Smoke-Free Policy Infringes on Students’ Right to Choose

Alexander Ekman, Contributing Writer

At the end of last semester, I started noticing posters in more and more parts of campus. They were full-color photos of Rick Santorum at a podium labeled “NO SMOKING” with no other text. My friends and I spent some time trying to figure out what they meant as the posters multiplied. The argument seemed to be that the anti-tobacco policy movement has rationale in common with the pro-choice movement: Mandating whether or not people can smoke is wrong for the same reasons restrictions on reproductive freedom are.

Anti-choice legislation and anti-smoking policies do have something in common. They are both restrictions on what someone can do with their body. But there is a crucial difference. The debate over whether abortion should be legal is centered on whether or not fetuses deserve the same rights as living human beings. When it comes to smoking, the same issues are not up for debate; people affected by secondhand smoke are manifestly people.

In theory, the policy the College has right now accounts for that by partitioning smokers away from where secondhand smoke will filter into buildings or places people congregate. But in practice, it’s not working. Even if the policy were perfectly implemented, I’ve never talked to someone who knows how far 30 feet is off the top of their head. I’ve never seen a smoker that far from a building, either.

Of course, this is anecdotal. Maybe I just have bad luck: the clusters of people smoking outside of King before class; the time I walked home to find a handful of people sitting on the steps of my dorm smoking; the people who, when the rules were pointed out to them, moved 10 feet away and then stopped.

The tobacco-free campus policy goes much further than that.

The Office of Student Wellness isn’t exactly being subtle on its official website about its hope that the new policy will convince people to quit smoking. But keeping people from smoking anywhere on campus is both impractical and unreasonable. Smoking is an addiction, and forcing people to quit, at least to me, is a step too far. In that sense, the comparison between the policy and Santorum is sound: Attempting to force people to quit smoking against their will is an incursion on their rights by the College.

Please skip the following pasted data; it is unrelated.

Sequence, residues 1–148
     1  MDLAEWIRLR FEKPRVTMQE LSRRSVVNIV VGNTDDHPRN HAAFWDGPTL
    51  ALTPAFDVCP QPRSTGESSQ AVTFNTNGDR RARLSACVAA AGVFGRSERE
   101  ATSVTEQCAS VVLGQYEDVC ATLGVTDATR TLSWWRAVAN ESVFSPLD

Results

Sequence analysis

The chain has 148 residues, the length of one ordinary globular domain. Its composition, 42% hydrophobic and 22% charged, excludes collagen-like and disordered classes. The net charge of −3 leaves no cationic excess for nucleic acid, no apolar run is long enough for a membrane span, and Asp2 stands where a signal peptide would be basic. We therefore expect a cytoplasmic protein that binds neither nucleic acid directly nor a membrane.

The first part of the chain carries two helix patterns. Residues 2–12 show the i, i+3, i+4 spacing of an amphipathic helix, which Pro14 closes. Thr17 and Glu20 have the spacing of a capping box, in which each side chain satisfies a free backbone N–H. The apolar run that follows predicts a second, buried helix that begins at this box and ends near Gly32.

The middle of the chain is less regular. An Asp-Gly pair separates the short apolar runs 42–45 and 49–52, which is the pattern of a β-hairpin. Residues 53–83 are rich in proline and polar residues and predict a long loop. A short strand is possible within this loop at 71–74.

But a central tenet of the prochoice movement can be summarized as follows, courtesy of an unknown author: “Your rights end where my body begins.” This could look like it means preventing people from smoking is an infringement of their rights. But as long as smoking means exhaling more than water vapor, anyone who does it is endangering my life. As long as secondhand smoke is an issue, the choice to smoke around others isn’t only an exercise of the right to decide what to do with one’s own body, it’s a decision that inhibits the people around the smoker from making that same choice.

I’m an extreme example, since most people don’t have severe respiratory illnesses. But if someone’s actions are crossing the boundary of only affecting them when they smoke near me, that is true for anyone. Where their right to choose what to do with their bodies, or mine, ends can’t be different on a case-by-case basis. The consequences for me are clearer, but everyone’s rights are —need to be—the same.

My reasons here are perfectly selfish and obviously emotionally motivated — and that shouldn’t be bad. Claiming to make an argument entirely unaffected by personal experience and emotional involvement is dishonest. Of course I care about something that affects me personally, for the same reason that smokers care about it.

I think the smoke-free campus policy is going to backfire due to being overkill, and I don’t know if it can be fixed. The role of the College can’t be to violate anyone’s ability to choose what to do with their bodies — that’s exactly as inappropriate as it sounds. However, that doesn’t just mean letting smokers choose whether or not to kick the habit. It also means ensuring that their decisions don’t keep other people from being able to make their own choices. As of right now, I know our current policy isn’t enough. My safety depends on other people’s choices, and judging by how that’s gone so far, this is not something I can afford any more.